The analysis of the issue demonstrates that the most typical reasons for the police officers to apply excessive force to the citizens include accumulated psychological stress and professional burnout, racial prejudice, absence of control as well as weak professional and ethical training. This knowledge should be taken into account by police departments and educational institutions, who should improve their training and educational courses with the special focus on prevention of brutality and irrelevant application of force. These initiatives should adhere to a specific code of excellence such as the one at the Saint Leo University, which is directed toward the development of professional character, skill and ethical awareness for becoming morally responsible leaders.
The Police and the Use of Force
The police play a unique role in the society and the state system overall as they are agents who maintain peace and justice as well as prevent criminal acts and violation of diverse laws. Along with the armed forces, police officers are individuals who can legally bear and apply arms and other means of force in the case of a critical situation. One of the most typical situations is the prevention of a theft, physical assault, burglary, rape, murder, drug distribution and other illegal and immoral acts. In the appropriate circumstances, which are defined by legal and ethical laws and professional standards, a policeman or policewoman may apply coercive force to stop a criminal or protect citizens or their property.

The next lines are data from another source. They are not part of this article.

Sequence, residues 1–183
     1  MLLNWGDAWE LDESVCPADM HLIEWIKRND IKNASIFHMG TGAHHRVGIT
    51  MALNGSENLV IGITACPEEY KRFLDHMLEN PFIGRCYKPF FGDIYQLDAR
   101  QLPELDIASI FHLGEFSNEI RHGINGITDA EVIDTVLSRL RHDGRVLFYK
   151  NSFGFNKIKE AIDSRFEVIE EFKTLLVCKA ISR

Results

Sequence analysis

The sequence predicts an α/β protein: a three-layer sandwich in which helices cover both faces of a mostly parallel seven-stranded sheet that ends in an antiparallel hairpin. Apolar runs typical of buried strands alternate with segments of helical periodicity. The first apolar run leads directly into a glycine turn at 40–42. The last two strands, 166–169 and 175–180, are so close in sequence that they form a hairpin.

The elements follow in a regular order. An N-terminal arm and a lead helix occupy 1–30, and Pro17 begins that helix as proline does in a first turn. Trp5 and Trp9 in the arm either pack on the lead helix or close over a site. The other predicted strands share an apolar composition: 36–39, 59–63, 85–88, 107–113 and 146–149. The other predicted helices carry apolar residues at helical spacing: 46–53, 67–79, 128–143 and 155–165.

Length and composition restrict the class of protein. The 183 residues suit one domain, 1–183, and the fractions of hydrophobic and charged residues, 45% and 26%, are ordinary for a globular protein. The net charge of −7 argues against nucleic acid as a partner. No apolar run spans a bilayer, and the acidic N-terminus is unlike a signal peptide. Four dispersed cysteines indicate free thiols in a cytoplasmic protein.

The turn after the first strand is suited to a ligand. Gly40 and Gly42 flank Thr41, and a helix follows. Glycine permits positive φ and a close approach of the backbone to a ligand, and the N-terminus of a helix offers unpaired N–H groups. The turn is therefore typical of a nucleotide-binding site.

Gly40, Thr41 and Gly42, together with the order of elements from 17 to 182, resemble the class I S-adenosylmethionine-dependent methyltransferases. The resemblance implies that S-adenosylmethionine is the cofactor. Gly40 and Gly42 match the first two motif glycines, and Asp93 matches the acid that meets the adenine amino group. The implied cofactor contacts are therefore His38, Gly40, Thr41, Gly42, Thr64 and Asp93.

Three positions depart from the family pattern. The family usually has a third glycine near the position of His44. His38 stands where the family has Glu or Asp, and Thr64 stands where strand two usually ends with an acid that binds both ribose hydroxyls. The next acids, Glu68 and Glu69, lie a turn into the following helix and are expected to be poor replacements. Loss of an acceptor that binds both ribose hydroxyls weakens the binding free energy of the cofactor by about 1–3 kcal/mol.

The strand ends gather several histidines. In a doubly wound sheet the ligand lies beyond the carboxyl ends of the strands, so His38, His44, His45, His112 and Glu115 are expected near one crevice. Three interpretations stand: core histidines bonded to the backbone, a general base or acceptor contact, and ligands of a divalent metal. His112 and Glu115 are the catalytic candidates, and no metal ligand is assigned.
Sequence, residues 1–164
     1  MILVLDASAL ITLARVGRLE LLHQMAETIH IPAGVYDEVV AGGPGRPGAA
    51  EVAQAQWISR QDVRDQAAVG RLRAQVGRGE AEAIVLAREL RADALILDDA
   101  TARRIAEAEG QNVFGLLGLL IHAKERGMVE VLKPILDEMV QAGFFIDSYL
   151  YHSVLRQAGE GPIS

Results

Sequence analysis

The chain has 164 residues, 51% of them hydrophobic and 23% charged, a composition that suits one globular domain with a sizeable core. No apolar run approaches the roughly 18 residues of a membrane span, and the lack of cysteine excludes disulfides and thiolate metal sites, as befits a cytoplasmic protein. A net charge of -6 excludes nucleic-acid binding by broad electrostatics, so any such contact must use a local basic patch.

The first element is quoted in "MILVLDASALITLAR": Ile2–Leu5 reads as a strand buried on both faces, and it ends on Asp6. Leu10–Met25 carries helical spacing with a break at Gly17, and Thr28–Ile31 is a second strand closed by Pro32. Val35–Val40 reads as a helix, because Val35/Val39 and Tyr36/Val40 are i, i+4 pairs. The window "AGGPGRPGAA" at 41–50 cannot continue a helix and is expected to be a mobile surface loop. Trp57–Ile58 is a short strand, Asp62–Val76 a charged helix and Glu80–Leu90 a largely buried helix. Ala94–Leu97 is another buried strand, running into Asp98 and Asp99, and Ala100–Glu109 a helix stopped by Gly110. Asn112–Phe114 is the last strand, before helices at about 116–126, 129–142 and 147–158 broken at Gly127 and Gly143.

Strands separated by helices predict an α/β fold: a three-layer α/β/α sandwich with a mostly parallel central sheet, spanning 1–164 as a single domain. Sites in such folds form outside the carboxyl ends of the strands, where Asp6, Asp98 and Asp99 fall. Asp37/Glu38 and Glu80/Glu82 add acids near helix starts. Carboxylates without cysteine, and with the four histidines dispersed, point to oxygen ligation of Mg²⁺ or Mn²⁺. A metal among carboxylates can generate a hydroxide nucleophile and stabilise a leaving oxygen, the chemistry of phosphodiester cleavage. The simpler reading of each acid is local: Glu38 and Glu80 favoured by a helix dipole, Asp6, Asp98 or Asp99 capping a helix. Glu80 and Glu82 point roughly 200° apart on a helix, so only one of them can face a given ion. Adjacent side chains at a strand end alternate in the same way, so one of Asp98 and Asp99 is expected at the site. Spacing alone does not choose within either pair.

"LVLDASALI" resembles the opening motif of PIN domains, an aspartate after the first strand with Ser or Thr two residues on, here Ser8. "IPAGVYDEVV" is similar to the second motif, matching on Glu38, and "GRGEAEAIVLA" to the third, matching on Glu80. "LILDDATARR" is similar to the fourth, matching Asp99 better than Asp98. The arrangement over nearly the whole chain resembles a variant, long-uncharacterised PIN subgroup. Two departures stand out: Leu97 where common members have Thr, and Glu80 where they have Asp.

The applied force is diverse and ranges from pushing or hitting an individual in order to get his or her attention to the use of a weapon that leads to the death of a suspect. In addition, there are other means of force application including gripping an arm or holding a person, the use of chemical agents or hitting with a baton. Due to the complex cause-consecutive connection between the conduct of the suspect and the application of force by the police, the officers undergo advanced professional training in order to prevent the cases of its unreasonable application. This training includes theoretical and practical preparation as well as specific moral education. Nevertheless, the cases of police brutality and the use of excessive force occur disregarding education and training initiatives, which is why this issue requires a revision to discover the theoretical grounds of these illegal and immoral acts.